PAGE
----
Page last updated at 16:50 GMT, Thursday, 6 November 2008

Q&A: Impact of the rate cut

Wallet with notes and cards
Will the rate cut help to revive the economy?

In normal times a big cut in interest rates would soon lead to cheaper mortgages and lower savings rates.

But things are not normal.

Mortgage lending has slumped to its lowest levels since the early 1970s.

The economy appears to be plunging head-long into a recession.

And the authorities are desperate to bail out the banking system.

So how much will people benefit from the Bank of England's shock decision?

Will my mortgage become cheaper?

Lenders were taken by surprise by the size of the cut in the Bank rate.

Whereas they had been limbering up to make a swift announcement after a widely expected cut of half or even one percentage point, they are now pondering their next move.

A reduction of some sort is likely for existing borrowers whose deals are not fixed.

There would be a huge public outcry if mortgage rates were not reduced to some extent, and the government would be most displeased.

People whose existing deals are linked to the Bank rate will see their mortgages costs fall automatically.

The interest rates on new mortgage deals will in most cases be lower too.

The question is, by how much will the cost of home loans come down?

One bank, Lloyds-TSB, said in advance it would pass on the whole of any bank rate reduction to customers on its standard variable rate, now down to 5%.

Other lenders may not be so generous because all lenders, banks and building societies, big and small, are very keen to increase the profitability of their mortgage lending.

They are facing a rise in arrears and repossessions - which are almost certain to become worse because of the recession.

And with house prices still falling fast they need to cushion themselves against growing losses on their mortgage lending.

Unless the generosity of Lloyds-TSB forces the others to follow, the chances of the whole one-and-a-half percentage point cut being passed on are small.

It is also important to note that many mortgages are funded by the cost of borrowing between banks, which has stayed stubbornly high.

Among them are fixed-rate deals, and trackers linked to Libor, which measures the cost of interbank lending.

Will saving rates be affected?

A cut in the Bank Rate from 4.5% to 3% amounts to a one-third reduction in interest.

Again, normally, that would soon feed into the rates for savers on their savings and deposit accounts.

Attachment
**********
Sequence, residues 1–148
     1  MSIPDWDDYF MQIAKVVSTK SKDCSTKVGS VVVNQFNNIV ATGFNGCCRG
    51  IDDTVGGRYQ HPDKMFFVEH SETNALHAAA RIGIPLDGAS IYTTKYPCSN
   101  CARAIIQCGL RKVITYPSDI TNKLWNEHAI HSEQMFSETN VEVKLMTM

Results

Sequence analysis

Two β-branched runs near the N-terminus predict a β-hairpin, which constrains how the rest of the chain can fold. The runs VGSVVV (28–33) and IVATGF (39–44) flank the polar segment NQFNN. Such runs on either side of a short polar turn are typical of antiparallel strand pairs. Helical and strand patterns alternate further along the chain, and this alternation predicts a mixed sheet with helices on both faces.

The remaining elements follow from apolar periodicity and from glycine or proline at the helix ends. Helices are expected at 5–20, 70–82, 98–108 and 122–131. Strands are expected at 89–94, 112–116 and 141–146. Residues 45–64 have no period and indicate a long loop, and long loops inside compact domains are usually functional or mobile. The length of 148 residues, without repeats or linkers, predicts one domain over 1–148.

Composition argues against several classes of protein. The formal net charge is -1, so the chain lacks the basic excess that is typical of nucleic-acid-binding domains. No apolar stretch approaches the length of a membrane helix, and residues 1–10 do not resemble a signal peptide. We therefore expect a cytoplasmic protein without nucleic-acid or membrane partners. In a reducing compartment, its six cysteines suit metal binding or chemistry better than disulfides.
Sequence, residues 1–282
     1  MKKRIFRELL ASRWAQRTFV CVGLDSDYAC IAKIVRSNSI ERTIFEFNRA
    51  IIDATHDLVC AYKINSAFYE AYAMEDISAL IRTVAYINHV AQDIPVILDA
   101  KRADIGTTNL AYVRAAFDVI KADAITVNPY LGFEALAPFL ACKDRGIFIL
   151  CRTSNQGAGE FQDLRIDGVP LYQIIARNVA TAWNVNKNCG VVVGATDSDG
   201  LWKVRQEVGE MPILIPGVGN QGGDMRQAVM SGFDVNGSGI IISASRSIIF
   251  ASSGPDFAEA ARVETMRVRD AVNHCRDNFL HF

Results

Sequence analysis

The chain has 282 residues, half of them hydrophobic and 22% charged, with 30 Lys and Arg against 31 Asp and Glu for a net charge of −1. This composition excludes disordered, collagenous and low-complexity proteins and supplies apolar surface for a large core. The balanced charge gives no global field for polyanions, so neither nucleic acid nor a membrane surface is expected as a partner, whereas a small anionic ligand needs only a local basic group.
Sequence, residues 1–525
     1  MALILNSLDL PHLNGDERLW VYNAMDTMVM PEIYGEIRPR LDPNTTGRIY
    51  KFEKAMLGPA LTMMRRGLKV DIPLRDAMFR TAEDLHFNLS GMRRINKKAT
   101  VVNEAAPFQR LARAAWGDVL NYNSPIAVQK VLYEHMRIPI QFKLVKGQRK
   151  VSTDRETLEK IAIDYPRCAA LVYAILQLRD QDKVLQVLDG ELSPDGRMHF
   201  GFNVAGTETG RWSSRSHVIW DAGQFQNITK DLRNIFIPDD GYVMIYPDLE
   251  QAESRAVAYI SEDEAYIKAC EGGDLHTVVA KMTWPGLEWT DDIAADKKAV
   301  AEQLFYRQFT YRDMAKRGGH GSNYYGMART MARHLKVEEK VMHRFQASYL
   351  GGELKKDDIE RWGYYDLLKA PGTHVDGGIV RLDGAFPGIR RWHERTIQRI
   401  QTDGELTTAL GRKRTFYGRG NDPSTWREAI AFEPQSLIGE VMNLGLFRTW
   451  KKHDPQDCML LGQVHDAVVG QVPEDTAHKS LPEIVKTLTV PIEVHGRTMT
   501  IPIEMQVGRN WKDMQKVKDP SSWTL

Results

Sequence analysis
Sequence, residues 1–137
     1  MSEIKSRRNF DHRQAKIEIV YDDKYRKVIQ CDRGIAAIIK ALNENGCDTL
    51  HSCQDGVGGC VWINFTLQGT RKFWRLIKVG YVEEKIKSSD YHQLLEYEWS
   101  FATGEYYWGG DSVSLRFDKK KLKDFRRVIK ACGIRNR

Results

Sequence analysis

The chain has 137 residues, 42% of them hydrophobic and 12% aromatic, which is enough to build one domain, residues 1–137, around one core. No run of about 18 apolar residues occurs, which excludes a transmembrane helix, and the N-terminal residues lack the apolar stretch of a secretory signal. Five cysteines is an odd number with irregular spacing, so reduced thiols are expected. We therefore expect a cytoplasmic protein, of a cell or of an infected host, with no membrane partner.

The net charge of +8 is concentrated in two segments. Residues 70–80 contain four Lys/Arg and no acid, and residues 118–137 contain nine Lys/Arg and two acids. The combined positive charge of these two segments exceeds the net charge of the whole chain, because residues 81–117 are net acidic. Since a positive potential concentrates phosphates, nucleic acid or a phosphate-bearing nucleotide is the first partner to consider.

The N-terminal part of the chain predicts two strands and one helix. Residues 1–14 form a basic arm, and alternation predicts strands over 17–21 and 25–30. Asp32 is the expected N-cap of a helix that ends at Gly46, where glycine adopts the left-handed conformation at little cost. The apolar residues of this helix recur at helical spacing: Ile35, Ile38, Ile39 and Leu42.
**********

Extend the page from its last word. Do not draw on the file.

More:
But with the wholesale financial markets still log-jammed, banks and building societies are now desperate to keep the public saving with them to provide the funds that are then available to lend.

So, savers rates may come down a bit, but probably not by as much as the full one-and-a-half percentage point

What about small businesses?

Banks charge their business customers much more for running their accounts than they do their individual customers.

Not only are businesses likely to pay more, in the way of monthly account charges, for a business account, they are charged higher interest rates when they go into the red.

Recently there has been a spate of complaints, from small businesses in particular, that their banks have been jacking up their overdraft rates.

This is crucial for them as most small businesses rely on their bank overdrafts to tide them over from month to month.

The cut in Bank rate should apply some downward pressure on business account interest rates.

But again, with banks desperate to rebuild their profits and reserves, this may not amount to much.

Will the economy avoid recession?

It is the whole economy, not just selected groups of borrowers or savers, that the Bank of England is trying to help.

The economy seems to be slowing down rapidly and the Bank wants to apply the accelerator.

The authorities hope that lowering the general cost of borrowing will do just that.

And that should, in theory, mean that more employers stay in business than would otherwise have been the case.

And fewer people should end up losing their jobs than if interest rates had been kept at their previous higher level.

That is the theory.

However, some of our gloomiest economic forecasters point to the awful example of Japan in the 1990s, where it took many years for the economy to start growing again after falling into recession, despite the fact that official interest rates were cut to zero.

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